By: Fabio Di Leo
When was the last time you sang happy birthday to someone? Was it at your favourite uncle’s 50th, or maybe your child’s first? For me, it was earlier this month during the quarter-finals of the Rogers Cup tennis tournament in Toronto, with hundreds of thousands of dollars on the line for its competitors.
At 33, Roger Federer is perhaps a more polarizing figure now then he was during his prime. He’s supposed to be “old” and “washed up,” and yet as I write this he is coming off his 22nd Masters event at the Rogers Cup. His competitor in the quarter-final, David Ferrer, had to take in a crowd upwards of 10,000 people as they stopped a tennis match to sing Happy Birthday to their favourite tennis player. Such is the case all around the world with Mr. Federer. He’s converted the passive fans to super fans, he’s made all of us Swiss at heart, and he can turn even supporters of other players against them. Federer ultimately lost in the finals of the Rogers Cup to Jo-Wilfred Tsonga, but it was hard to shake that moment from my memory. I dub this “the Federer effect.”
It’s well known that Federer is a sight to see. His play is something to go out of your way for. You should see me prior to every Federer match. I end up an emotional wreck much like Homer Simpson awaiting the arrival of Frank Grimes (skip to 10:40). In a time when the Gentleman’s game is at its all time best, we are beyond spoiled as fans. Between the ferocity and tenacity of Rafa Nadal, and the kinetic and ridiculous Novak Djokovic, we have had the chance to see some of the world’s best go head-to-head all the time. But Federer epitomizes what it means to be a superstar. Along with his gazelle like motion, and glorious one armed back hand, he seems to do it all without breaking a sweat. When Nadal and Djokovic grunt and dive and slide, we awe because they make the game look incredibly difficult. But when Federer glides, with one hand on the racquet and one hand tucking his hairs behind his ears, we think to ourselves if he can do it, why cant I?
The gap between Nadal, Djokovic, Federer (and Andy Murray) and the rest of the field is wide. How can you make it to the quarter-finals of a tournament when you are destined for a collision with one of those four? How are you supposed to gain tour points when the top quartet are taking them all for themselves? But, with Federer aging, and Nadal and Djokovic perhaps exiting their prime, who can take the mantle and do their best to hold it?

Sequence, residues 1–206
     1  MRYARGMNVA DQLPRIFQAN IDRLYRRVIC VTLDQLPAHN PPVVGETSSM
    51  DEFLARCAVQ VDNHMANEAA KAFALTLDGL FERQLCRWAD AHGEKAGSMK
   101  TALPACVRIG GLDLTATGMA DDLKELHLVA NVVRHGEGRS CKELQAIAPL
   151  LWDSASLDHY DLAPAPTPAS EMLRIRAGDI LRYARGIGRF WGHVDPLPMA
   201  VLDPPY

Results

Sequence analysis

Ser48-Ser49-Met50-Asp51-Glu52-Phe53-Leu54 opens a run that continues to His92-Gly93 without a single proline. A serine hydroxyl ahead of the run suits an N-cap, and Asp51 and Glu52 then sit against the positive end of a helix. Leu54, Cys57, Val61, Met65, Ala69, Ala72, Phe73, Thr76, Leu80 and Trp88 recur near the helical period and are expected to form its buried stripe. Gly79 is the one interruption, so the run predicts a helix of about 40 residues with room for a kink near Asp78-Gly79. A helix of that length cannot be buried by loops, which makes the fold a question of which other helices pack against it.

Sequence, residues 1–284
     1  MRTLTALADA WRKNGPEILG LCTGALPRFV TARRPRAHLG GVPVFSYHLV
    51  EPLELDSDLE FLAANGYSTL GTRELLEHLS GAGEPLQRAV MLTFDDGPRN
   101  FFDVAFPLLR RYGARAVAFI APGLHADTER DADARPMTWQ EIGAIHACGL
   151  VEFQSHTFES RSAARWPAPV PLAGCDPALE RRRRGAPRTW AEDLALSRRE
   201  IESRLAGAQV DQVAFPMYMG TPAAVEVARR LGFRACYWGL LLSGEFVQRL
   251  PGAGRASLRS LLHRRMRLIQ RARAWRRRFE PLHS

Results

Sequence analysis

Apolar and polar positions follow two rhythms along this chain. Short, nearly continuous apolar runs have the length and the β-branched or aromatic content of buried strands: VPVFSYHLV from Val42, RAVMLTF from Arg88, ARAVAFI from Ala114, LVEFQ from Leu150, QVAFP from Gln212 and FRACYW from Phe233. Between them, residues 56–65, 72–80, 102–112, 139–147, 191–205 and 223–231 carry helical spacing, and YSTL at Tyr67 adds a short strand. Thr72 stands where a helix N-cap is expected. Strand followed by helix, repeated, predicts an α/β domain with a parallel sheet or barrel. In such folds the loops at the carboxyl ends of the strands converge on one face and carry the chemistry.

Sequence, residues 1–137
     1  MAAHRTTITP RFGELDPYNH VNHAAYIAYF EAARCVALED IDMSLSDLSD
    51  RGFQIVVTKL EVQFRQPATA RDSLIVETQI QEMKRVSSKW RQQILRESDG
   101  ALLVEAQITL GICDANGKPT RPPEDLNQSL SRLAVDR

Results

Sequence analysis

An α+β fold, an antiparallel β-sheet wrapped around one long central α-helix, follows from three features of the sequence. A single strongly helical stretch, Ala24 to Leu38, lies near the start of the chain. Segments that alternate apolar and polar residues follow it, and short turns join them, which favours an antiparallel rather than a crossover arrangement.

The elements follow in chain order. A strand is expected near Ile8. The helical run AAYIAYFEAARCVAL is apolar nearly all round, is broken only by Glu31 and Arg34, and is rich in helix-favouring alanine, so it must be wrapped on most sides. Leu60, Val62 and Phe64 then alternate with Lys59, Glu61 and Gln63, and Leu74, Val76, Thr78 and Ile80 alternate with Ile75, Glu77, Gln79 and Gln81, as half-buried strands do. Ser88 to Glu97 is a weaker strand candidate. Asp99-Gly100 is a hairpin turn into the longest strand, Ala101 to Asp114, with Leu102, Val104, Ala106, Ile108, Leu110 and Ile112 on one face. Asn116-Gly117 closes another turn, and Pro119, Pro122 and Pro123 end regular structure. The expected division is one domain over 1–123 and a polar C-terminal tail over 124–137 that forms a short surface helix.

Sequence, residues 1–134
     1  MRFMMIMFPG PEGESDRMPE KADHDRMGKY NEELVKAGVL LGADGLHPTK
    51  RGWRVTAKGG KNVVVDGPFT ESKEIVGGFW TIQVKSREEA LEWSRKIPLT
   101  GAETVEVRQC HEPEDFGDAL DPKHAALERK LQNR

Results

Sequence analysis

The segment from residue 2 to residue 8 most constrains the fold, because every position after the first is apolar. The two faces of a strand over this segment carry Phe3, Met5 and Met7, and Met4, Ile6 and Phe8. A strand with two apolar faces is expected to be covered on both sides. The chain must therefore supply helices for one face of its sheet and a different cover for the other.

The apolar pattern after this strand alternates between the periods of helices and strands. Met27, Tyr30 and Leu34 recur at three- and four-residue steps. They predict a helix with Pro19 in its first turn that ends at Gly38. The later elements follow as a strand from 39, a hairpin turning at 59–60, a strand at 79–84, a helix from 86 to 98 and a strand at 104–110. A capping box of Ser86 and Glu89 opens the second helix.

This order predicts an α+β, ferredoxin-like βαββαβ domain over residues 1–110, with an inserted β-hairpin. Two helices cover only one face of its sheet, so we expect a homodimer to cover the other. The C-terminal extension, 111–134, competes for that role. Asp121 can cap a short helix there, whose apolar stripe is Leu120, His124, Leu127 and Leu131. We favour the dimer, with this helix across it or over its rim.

Number six seed, and Thornhill’s own Milos Raonic is an enjoyable player to watch. His offensive game is nothing to scoff at, and his ability to create openings off his remarkable serve have led many to suggest he could win a major tournament in the near future. Of course, near is a relative term with the aforementioned top four dominating tennis majors since blogging even existed. Raonic, like all tennis players, has his limitations. His ability to protect his serve is great but his inability to break his opponent’s serve leaves him vulnerable to losses. He has a ways to go before having a chance at a title.
In my eyes, the true man to watch in upcoming tournaments is Grigor Dimitrov. When you’re dubbed “Mini Fed” you’re expected to tear through tennis like Roger did. Dimitrov is as smooth and talented as Federer, but at such a young age he still lacks Federer’s consistency and mental toughness. That being said, watching him gives you the feels – the “Federer feels.” At some points you smile in awe, and think everything will be OK when Roger retires. Perhaps we will have to wait a while longer until we see these two blossom into consistent threats to strip the mantle from the core four. But If a glimmer of hope exists that this golden age will continue, it lives through the racquets of Raonic and Dimitrov.
The offensive game of tennis is perhaps considered archaic these days when most players have become excellent returners. (Why has the game become so defensive you ask? A partial explanation can be attributed to Roger Federer or what others in the game like to also call the “Federer Effect.”) If tennis wishes to continue to thrive, we must hope that Raonic and Dimitrov – who both play an offensive game, mind you – take centre stage. If they do, we may be in luck to experience another generation of dominance. If not, then we’ll have to settle for the top three we have now for only a few more birthdays.
Keep an eye out for Raonic and Dimitrov as Day 2 of the US Open continues today.